- Atul Malhotra, MD
Atul Malhotra, MD
- Kenneth M Moser Professor, Department of Medicine
- University of California, San Diego
- David R Schwartz, MD
David R Schwartz, MD
- Associate Professor of Clinical Medicine
- Section Chief, Critical Care
- NYU Medical Center
- Richard M Schwartzstein, MD
Richard M Schwartzstein, MD
- Professor of Medicine
- Harvard Medical School
Although supplemental oxygen is valuable in many clinical situations, excessive or inappropriate supplemental oxygen can be deleterious . According to human and animal studies, high concentrations of inspired oxygen can cause a spectrum of lung injury, ranging from mild tracheobronchitis to diffuse alveolar damage (DAD) [2-6]. The latter is histologically indistinguishable from that observed in the acute respiratory distress syndrome (ARDS). The mechanisms and clinical consequences of oxygen toxicity are reviewed here. Specific issues related to the administration of oxygen are discussed separately. (See "The evaluation, diagnosis, and treatment of the adult patient with acute hypercapnic respiratory failure" and "Long-term supplemental oxygen therapy".)
Hyperoxia is not precisely defined but is found only when the fraction of inspired oxygen (FiO2) is greater than 21 percent of atmospheric pressure. Adverse events may result from increased oxygen tension in the alveoli, blood, or at the cellular level. Hyperoxia appears to produce cellular injury through increased production of reactive oxygen intermediates (ROIs), such as the superoxide anion, the hydroxyl radical, and hydrogen peroxide [7,8]. When the production of these (ROIs) increases and/or the cell's antioxidant defenses are depleted, they can react with and impair the function of essential intracellular macromolecules, resulting in cell death .
Oxygen free radicals may also promote a deleterious inflammatory response, leading to secondary tissue damage and/or apoptosis [10-12]. Much of the evidence supporting direct cellular injury due to ROIs comes from studies in transgenic mice with altered superoxide dismutase activity. Mice with augmented antioxidant mechanisms are relatively tolerant to hyperoxia, while manganese superoxide dismutase knockout mice die shortly after birth with extensive mitochondrial injury within degenerating neurons and cardiac myocytes [13-15]. Data from animal models suggest possible roles for insulin growth factor 1  and angiopoietin 2  in the pathogenesis of hyperoxia-induced lung injury.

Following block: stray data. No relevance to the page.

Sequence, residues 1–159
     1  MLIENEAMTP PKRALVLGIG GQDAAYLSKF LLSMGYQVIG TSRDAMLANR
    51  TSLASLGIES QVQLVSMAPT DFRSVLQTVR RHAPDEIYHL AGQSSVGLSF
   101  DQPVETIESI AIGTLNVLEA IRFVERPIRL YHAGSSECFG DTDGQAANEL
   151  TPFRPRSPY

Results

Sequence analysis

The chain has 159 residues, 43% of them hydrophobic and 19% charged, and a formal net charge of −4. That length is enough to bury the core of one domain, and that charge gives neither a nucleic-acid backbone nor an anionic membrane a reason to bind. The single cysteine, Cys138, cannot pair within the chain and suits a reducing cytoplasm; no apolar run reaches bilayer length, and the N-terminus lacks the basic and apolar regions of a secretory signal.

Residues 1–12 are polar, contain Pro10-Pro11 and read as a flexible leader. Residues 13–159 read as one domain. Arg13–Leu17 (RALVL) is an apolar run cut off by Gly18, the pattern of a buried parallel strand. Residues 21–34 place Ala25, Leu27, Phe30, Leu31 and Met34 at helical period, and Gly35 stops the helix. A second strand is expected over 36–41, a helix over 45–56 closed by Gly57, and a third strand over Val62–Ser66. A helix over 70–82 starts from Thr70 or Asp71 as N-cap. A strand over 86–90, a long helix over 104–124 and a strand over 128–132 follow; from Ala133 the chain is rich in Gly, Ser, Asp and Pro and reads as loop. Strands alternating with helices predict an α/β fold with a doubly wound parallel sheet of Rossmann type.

The respiratory tract is exposed to the highest concentrations of oxygen in the body, placing airway lining cells and alveoli at the greatest risk for hyperoxic cytotoxicity . Hyperoxia may also increase susceptibility to mucous plugging, atelectasis, and secondary infection by impairing both mucociliary clearance and the bactericidal capacity of immune cells [19-24].
High fractions of inspired oxygen (FiO2) have been associated with several effects on lung tissue/gas exchange including diminished lung volumes and hypoxemia due to absorptive atelectasis, accentuation/production of hypercapnia, and damage to airways and pulmonary parenchyma. The term "oxygen toxicity" is usually reserved for the last of these consequences, ie, tracheobronchial and alveolar damage.
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